Like with movies, music is used to highlight how characters feel, dramatize powerful moments and characterize the show.
Do you remember the music in an American tv show? I know of some poppy theme music that runs during the opening credits but otherwise its all generic music to tell us when its a chase scene or the murderer is lurking behind the protagonist…
In the small world of South Korean entertainment the division between television and music is very small. Many k-pop artists and groups are hired to make theme songs (or OSTs in official music language). These call to mind the emotions and experiences to be found in its associated drama. Specific scenes rise to the surface of your memory as the music reminds you of your favorite moments.
The first time the music of a k-dramas really hit me was in Secret Garden. I was totally enthralled at the way they used music to characterize how Kim Joo Won always came back to the sure knowledge he loved Gil Ra Im. And many of the other early shows only reinforced the love of the Korean music world that developed with that show…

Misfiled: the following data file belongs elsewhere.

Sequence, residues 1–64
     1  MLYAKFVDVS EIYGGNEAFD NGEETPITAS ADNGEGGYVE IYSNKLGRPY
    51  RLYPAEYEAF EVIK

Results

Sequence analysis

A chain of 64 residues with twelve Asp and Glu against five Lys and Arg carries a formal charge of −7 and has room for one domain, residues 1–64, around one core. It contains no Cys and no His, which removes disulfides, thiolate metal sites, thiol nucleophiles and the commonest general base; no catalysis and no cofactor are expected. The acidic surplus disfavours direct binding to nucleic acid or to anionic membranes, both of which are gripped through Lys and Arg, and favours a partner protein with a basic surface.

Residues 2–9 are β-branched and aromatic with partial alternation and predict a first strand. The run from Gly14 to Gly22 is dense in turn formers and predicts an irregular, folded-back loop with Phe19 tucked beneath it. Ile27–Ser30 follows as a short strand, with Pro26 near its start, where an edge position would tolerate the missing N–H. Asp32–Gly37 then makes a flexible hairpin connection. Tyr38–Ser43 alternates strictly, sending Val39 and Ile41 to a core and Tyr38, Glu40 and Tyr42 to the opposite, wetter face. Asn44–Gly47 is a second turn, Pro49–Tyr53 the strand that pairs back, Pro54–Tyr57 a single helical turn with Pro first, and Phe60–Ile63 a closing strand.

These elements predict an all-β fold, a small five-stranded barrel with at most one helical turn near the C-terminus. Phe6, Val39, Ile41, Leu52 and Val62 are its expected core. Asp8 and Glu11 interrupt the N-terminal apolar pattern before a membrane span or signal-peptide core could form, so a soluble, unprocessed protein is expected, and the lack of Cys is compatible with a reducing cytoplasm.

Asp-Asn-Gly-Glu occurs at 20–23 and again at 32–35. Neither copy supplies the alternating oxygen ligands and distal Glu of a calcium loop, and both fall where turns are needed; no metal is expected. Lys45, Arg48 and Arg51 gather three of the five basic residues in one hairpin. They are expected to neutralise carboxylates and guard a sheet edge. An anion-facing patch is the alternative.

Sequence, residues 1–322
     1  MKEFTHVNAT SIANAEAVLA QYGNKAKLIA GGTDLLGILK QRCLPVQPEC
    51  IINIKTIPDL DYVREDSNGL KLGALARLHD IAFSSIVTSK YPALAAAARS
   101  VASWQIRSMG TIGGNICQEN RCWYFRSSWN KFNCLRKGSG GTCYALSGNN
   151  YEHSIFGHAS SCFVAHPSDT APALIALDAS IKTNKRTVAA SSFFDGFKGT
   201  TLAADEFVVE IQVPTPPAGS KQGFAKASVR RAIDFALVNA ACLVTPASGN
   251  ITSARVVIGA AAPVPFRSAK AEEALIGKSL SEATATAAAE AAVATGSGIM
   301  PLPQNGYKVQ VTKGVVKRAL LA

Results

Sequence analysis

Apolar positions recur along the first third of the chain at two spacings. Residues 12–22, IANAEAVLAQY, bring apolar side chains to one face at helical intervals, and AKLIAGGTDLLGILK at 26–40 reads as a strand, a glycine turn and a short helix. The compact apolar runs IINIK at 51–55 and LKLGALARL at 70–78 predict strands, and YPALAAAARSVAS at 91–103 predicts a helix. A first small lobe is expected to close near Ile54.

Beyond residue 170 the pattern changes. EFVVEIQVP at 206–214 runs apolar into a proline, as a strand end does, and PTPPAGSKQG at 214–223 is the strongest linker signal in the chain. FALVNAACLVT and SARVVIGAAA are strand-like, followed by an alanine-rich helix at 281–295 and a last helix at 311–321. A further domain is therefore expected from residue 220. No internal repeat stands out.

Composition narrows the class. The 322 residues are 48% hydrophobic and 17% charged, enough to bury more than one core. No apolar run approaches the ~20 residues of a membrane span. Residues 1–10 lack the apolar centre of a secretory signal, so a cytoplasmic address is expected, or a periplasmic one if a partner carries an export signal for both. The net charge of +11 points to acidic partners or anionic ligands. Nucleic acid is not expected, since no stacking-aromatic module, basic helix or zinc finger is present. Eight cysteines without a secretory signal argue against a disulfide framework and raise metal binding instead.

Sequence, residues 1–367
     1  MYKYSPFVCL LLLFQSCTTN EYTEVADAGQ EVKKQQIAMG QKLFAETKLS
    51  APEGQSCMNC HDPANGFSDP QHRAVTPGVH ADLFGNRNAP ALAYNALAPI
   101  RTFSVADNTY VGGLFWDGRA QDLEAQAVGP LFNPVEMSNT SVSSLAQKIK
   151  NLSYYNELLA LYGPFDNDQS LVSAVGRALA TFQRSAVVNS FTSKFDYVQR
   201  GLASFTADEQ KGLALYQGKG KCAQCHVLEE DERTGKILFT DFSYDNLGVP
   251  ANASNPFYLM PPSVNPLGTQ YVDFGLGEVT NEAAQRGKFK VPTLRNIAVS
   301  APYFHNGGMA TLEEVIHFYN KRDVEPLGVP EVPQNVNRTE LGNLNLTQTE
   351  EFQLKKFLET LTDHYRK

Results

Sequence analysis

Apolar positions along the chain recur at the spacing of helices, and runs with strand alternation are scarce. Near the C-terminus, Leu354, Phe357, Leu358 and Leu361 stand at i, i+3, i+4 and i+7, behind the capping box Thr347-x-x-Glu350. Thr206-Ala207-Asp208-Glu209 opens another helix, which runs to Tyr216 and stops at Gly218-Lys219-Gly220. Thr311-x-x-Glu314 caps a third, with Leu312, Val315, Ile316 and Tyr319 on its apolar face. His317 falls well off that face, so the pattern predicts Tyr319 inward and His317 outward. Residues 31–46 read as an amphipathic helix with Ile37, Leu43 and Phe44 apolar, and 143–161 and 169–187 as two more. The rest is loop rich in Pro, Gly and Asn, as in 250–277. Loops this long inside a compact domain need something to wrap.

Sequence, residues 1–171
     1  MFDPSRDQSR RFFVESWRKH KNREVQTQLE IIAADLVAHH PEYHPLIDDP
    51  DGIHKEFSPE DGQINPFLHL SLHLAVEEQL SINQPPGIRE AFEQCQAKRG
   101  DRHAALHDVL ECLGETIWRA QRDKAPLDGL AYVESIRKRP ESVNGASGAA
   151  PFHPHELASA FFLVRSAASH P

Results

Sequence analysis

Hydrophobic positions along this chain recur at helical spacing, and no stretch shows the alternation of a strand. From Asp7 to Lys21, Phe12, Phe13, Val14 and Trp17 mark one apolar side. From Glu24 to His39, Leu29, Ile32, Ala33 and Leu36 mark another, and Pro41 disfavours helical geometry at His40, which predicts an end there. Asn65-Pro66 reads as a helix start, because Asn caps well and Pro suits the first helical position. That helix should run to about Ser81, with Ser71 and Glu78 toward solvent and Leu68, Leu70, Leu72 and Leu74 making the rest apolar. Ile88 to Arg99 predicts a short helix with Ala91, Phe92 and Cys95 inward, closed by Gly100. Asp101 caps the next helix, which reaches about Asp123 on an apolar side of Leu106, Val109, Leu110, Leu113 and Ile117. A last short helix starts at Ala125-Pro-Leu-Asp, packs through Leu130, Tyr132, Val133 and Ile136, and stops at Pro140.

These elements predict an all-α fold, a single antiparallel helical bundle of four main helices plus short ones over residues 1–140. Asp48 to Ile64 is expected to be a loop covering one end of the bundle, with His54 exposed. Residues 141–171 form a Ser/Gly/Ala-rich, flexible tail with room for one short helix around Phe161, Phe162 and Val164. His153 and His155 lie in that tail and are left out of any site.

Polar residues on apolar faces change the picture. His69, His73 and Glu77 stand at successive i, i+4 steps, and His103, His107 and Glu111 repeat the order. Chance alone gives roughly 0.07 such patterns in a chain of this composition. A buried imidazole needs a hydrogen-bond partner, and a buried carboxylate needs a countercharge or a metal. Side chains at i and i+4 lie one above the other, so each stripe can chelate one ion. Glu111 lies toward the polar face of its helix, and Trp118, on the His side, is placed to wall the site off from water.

Long after the episodes are over a k-drama lingers with you through their OSTs. If you love music, then k-dramas are for you, as they better utilize music during the course of an episode than any American show I’ve seen.
Young, nuanced talent contrasted to older, experienced actors fill the k-drama ranks. No matter their age their facial expressions brings a depth of emotion not to be matched.
There is a myth that Asians can’t act because the range of emotion that can appear on their face is limited. I admit I bought into that stereotype. In America it’s hard not to as Asians raised in the good ol USA tend to register emotionally as more static and cold. Let’s just say your first k-drama will dispel that myth.